On UNIX and win32 systems a library can be renamed and then loaded into a process under a different name. Thus, multiple instances of the same shared library can exist in a single process, but under different names. Their text segments will not be backed by the same physical storage. This approach can emulate our technique on modern OSes, but at a cost of enlarging memory footprint. In our settings the additional memory overhead per GUI-enabled isolate would be 3856KB (the first three entries in the "read-only" column in Table 2).

6 Discussion & Related Work

Our experience with the system described above is very positive: it is efficient, robust, full-featured, and fully compliant with the 1.3.1 version of the JDK.

Other projects re-architected the JVM to achieve safe multitasking, but to our best knowledge none of them offered multi-user support. KaffeOS [BHL00] is similar to MVM in its design, but much less aggressive in what data is shared. Alternative designs aimed at sharing certain meta-data among virtual machines, each of which executes in a separate process [DBC+00,CDN02]. This addresses the multi-user issue, but scales much more poorly than a single multitasking virtual machine.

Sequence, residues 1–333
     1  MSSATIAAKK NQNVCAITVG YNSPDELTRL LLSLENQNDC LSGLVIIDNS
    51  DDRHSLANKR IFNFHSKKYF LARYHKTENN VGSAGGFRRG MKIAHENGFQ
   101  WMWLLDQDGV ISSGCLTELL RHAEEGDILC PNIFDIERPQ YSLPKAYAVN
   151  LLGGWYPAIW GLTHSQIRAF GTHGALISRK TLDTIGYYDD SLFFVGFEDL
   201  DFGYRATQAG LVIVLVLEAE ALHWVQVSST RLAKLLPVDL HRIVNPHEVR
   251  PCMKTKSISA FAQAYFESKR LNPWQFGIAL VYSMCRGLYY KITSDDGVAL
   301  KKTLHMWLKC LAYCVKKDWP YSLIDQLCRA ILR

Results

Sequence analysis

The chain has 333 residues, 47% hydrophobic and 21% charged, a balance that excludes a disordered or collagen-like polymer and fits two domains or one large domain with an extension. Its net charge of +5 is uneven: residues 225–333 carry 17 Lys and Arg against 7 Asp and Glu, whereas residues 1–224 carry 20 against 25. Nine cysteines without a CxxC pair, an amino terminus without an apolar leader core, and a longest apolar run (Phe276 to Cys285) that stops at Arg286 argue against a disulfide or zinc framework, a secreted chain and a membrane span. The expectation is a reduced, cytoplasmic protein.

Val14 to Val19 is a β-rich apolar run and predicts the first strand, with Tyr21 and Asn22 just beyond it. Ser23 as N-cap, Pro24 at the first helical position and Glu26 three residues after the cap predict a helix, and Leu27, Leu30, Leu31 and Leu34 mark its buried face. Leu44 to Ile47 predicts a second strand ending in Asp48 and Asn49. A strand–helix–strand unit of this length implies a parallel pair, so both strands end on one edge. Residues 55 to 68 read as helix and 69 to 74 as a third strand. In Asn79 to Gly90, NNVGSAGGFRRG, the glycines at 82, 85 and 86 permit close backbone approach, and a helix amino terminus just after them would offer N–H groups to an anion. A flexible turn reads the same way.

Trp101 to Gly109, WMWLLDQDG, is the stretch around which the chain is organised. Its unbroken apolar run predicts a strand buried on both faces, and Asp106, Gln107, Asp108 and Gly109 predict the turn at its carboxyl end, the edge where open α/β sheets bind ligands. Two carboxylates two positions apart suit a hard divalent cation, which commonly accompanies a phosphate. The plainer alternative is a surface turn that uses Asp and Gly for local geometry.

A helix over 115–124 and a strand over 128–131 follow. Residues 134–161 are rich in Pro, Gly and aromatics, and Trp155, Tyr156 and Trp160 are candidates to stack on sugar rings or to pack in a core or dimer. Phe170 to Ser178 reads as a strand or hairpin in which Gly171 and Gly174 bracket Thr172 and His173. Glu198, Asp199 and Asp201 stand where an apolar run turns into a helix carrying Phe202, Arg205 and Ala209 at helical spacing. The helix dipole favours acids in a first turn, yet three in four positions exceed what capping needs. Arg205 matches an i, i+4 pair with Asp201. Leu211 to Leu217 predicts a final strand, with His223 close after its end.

In contrast to MVM-2, which simultaneously maps multiple "logical" JVMs onto a single OS process, another approach to the affinity between the virtual machine and the OS process it runs in is exploited in SAP's Process Attachable Virtual Machine (PAVM) [KKL+02]. When a user session starts, an instance of PAVM is created. It has a private session memory block, which stores the complete computational state of the session, as well as run-time data structures such as thread stacks and heap area needed by the session. This organization allows PAVM instances to mapped into any work process and then unmapped, made persistent, and eventually mapped back into the same or another work process, since the session state is completely encapsulated in the session memory. Thread scheduling is cooperative, which is beneficial for maximizing batch processing throughput. Special care has been taken to properly handle bindings to external resources by sessions.